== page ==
February 28, 1933
FIDELITY & CASUALTY CO. OF NEW YORK
Appeal from the District Court of the United States for the District of New Jersey; William Clark, Judge.
Before BUFFINGTON, WOOLLEY, and DAVIS, Circuit Judges.
In the court below, the plaintiff, Mrs. Pittenger, the beneficiary in a policy of insurance issued by defendant company on the life of her husband, with a double indemnity clause in case his death resulted from "bodily injury sustained * * * through accidental means (excluding suicide, sane or insane, or any attempt thereat, sane or insane), and resulting directly, independently and exclusively of all other causes, in * * * death * * *," recovered a verdict and, on entry of judgment thereon, the defendant took this appeal.
The sole question here arising is whether the court erred in refusing defendant's request for binding instructions. No principle of law is involved and no precedent is established by our determination. The issue of suicide or accident was one which depended on the facts proven by different, and in some cases varying, witnesses and the inferences to be drawn thereform, coupled with the fact of the absence of any motive on the part of the decedent to end his life. A recital of those proofs in detail would throw no light on insurance law and the case narrows itself to the question whether it was the duty of the trial judge to hold the decedent committed suicide, or whether it was the province of a jury to determine that question of fact.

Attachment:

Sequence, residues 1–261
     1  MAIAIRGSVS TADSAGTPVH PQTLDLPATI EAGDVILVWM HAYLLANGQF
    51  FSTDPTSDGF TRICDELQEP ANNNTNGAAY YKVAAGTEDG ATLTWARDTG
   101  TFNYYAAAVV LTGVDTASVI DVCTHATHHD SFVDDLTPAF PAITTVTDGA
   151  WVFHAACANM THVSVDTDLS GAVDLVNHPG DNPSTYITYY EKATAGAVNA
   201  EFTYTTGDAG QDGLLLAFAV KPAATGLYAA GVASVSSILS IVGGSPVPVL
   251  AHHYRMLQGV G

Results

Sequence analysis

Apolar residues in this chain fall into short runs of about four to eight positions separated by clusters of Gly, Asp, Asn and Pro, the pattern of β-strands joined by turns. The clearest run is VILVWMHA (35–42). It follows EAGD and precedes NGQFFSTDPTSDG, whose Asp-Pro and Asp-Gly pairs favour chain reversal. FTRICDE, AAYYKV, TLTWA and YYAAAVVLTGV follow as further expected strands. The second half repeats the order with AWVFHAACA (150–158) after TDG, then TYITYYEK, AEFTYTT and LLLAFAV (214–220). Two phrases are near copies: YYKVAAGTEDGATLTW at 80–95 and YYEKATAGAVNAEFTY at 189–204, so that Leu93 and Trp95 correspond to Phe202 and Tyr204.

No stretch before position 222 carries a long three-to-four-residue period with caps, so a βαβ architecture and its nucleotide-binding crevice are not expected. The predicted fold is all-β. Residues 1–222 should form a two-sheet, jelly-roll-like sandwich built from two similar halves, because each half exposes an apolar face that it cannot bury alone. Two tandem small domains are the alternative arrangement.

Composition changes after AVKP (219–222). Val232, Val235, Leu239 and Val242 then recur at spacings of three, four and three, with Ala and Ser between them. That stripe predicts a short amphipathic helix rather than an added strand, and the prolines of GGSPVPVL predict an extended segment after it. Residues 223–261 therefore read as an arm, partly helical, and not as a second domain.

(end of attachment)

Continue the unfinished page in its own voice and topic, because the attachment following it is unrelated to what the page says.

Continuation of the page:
The members of this court have individually studied the proofs and collectively discussed them, and we have reached the unanimous conclusion that, taken as a whole, men of reasonable minds could have fairly drawn the conclusion that the death of the insured was accidental and not suicidal. Such being the nature of the proofs and attendant circumstances, the trial court committed no error in refusing to decide the case was one of suicide. Consequently, its judgment is affirmed.
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